“That will not happen,” Stani said. He withdrew a pistol from his inside jacket pocket and clicked the safety off. Leonid took out a similar handgun, while Iosif revealed a compact submachine gun slung across his chest and hidden beneath his sportcoat.

I whistled without thinking about it. “You three came loaded for battle.”

The sound of a chambered round from out of my field of vision surprised me. I spun and prepared to roll away. Anton gave me a sheepish look as he lowered his own Makarov to point at the ground. He shrugged. “What?”

“You too? Since when do you carry a gun?”

“Asher is a dangerous person,” Anton replied in a soft voice. “It could be fatal to underestimate him.”

I couldn’t argue that point. They had been my words and, what’s more, they’d been absolutely true.

“You are not armed?” Stani asked.

“I am…not a gun person,” I answered. It was apparently my turn to sidestep a direct question. None of my temporary allies needed to know more about my past than they already did.

Stani pointed to Iosif and then to the car they’d arrived in. The bodyguard moved without a word to the trunk. He opened it to reveal a veritable smorgasbord of firearms and military hardware. “Take what you require,” he said. “Moscow will refill our operation supply as needed, when we are home again.”

Everything I knew about guns, I’d picked up by accident over the years. The sight of so many weapons gave me pause, but Anton’s words resonated within my head. Asher was terrifyingly dangerous, mentally speaking; he was also volatile, unpredictable, and playing a deeper game than I fully understood. All of that, in addition to the considerable grudge he carried, made my decision for me. After thirty seconds of careful examination, I picked up a gun like Stani’s and a bulletproof vest. The Kevlar went over my head and the gun remained clenched in a nervous, uncomfortable grasp. The other four men removed extra ammunition and protective gear for themselves. Anton added a sawed-off shotgun to his repertoire and threw its strap across his shoulder so that the butt of the gun bumped into the small of his back.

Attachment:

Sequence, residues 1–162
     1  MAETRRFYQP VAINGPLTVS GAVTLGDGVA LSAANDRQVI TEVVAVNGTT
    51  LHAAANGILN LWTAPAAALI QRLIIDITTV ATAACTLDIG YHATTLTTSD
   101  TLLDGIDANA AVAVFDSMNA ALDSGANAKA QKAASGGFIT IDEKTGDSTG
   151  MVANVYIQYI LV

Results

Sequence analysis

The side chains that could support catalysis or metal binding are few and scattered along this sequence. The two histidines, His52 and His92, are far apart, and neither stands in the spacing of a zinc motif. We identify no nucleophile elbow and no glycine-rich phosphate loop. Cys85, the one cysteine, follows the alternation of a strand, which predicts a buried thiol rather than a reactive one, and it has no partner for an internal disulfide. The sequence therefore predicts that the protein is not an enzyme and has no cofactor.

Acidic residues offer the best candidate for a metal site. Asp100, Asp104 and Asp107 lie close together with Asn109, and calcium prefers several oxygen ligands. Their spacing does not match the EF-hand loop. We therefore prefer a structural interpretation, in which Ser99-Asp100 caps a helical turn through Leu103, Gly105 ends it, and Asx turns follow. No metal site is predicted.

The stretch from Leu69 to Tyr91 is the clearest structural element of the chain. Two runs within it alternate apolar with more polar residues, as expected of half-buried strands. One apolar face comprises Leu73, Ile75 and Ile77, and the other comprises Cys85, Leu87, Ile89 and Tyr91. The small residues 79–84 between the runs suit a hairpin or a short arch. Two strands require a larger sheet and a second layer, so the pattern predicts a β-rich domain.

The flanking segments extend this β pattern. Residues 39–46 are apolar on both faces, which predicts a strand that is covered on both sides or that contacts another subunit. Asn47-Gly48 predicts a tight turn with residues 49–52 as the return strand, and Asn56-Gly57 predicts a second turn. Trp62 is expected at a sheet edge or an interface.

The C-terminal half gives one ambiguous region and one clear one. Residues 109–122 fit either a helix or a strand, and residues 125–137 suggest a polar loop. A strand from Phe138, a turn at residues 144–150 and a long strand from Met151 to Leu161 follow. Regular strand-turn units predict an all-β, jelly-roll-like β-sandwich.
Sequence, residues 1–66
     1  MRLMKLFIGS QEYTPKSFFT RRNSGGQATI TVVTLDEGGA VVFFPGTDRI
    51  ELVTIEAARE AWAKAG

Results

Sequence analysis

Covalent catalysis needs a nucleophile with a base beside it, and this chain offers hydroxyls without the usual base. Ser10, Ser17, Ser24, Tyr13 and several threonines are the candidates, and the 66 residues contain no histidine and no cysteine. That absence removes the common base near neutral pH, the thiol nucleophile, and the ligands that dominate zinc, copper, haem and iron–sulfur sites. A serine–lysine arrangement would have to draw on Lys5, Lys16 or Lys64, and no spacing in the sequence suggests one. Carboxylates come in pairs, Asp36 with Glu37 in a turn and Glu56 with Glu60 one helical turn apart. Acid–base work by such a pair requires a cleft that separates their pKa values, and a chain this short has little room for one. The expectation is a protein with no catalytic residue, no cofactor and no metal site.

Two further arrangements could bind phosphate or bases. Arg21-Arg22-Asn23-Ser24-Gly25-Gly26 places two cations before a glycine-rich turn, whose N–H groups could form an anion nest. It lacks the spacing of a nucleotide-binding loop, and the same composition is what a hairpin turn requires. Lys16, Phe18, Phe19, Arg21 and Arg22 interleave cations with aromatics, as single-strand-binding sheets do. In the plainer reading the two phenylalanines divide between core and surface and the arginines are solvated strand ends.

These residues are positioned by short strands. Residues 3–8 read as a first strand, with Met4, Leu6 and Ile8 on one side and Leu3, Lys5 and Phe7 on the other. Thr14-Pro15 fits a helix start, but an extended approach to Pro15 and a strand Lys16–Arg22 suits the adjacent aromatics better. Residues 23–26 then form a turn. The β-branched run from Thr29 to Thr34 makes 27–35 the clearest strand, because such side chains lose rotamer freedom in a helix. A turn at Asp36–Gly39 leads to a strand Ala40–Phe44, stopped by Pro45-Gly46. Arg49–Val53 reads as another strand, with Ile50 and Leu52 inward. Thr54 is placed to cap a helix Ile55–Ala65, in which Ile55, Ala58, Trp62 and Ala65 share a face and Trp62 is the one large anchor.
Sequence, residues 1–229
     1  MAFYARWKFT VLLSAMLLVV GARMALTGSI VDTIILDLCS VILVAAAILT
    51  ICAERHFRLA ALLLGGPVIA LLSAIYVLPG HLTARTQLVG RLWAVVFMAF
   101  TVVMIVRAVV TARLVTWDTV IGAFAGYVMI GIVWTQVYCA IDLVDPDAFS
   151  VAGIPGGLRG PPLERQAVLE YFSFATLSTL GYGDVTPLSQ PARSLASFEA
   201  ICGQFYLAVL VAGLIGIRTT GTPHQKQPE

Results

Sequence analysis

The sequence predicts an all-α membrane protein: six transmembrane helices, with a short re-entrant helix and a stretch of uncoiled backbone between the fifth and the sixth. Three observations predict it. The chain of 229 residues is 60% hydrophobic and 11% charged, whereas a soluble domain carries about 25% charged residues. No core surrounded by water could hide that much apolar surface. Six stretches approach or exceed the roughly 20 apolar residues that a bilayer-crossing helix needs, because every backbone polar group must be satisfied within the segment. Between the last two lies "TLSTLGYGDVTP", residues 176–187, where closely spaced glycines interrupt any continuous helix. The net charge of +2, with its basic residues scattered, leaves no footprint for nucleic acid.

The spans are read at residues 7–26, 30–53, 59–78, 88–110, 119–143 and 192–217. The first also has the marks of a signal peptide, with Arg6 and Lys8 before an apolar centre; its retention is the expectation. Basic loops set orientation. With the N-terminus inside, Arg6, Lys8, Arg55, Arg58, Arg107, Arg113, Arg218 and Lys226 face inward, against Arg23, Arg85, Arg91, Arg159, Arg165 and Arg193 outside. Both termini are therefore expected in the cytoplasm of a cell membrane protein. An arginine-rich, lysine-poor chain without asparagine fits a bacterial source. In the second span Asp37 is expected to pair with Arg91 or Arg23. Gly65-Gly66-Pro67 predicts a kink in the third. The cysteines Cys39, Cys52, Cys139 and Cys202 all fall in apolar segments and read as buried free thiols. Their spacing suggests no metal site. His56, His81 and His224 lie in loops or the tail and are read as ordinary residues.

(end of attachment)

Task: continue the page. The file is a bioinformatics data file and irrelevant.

“Everybody ready, then?” I asked. My answer came in the form of grunts and silent nods.

Iosif took point, flanked by Leonid. They moved like professionals, ghosts in the darkness of the docks. When one swept their gaze to the left, the other stepped into their blind spot and did the same for the opposite side. All that Anton, Stani, and I needed to do was follow in their wake, stay low, and keep our aural footprint to a minimum. After twenty minutes of searching empty buildings and finding nothing but uninhabited space, it became very clear that our precautions were, at best, redundant. The docks were empty.

“This is wrong,” Stani whispered, maybe six inches away from my ear.

I nodded. “Do you know how many people normally worked this shift?”

“I do not. If I were forced to guess, I would say…ten or fifteen of our people. Perhaps more and perhaps less.”

“So ten, maybe fifteen, people just up and disappeared? You’re right, then. There is definitely something wrong.”

We continued forward. The possibility of violence had begun to form, the instant that Leonid revealed his employer’s stash of illegal firearms. It had only grown sharper and more intense as we checked and cleared building after building. Now, it was like a raid siren in my ears, screaming its warning at full blast. I couldn’t ignore it, exactly, but I relegated the sensation to my mental backburner. Danger was a given; it wouldn’t do me any good to allow that fear to dominate my thoughts. If Asher said he was going to make me pay for abandoning him back in St. Petersburg, then that was exactly what he would endeavor to do. To avoid that, I had to find him now and I had to put him somewhere he couldn’t hurt anyone else. It was that simple.